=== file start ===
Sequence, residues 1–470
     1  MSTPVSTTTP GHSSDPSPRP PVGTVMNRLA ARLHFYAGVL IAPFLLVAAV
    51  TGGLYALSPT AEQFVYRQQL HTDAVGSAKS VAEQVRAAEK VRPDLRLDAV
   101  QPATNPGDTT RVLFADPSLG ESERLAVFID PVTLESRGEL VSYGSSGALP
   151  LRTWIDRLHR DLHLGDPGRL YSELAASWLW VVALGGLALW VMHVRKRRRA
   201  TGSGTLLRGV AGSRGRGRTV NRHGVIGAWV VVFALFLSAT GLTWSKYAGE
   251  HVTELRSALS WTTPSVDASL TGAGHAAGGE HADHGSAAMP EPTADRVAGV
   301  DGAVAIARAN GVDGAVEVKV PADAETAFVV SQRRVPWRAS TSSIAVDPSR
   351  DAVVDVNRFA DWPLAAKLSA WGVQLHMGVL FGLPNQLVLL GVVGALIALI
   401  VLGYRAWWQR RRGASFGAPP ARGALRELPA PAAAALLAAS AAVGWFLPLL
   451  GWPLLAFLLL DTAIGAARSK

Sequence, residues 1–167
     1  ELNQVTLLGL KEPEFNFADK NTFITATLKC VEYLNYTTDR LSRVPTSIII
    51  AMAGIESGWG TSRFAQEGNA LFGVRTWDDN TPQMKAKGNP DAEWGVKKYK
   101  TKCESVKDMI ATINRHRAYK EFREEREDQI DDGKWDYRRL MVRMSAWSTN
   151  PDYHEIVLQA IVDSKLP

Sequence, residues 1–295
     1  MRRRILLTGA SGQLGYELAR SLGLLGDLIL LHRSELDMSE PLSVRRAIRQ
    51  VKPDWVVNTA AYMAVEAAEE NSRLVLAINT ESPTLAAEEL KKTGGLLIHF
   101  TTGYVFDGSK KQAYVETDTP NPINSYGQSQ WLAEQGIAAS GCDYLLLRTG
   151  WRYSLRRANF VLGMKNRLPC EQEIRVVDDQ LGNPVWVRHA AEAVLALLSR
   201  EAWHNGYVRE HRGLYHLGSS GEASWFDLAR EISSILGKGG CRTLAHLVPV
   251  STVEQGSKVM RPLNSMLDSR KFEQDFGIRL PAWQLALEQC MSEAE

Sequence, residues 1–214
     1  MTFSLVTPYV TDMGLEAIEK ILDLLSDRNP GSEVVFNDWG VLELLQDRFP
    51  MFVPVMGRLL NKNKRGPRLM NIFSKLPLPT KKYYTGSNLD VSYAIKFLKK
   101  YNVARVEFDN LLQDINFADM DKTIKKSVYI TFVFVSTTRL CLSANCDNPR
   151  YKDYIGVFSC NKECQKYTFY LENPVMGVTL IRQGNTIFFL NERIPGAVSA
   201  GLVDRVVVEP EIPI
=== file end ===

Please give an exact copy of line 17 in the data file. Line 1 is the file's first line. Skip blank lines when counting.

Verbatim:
Sequence, residues 1–295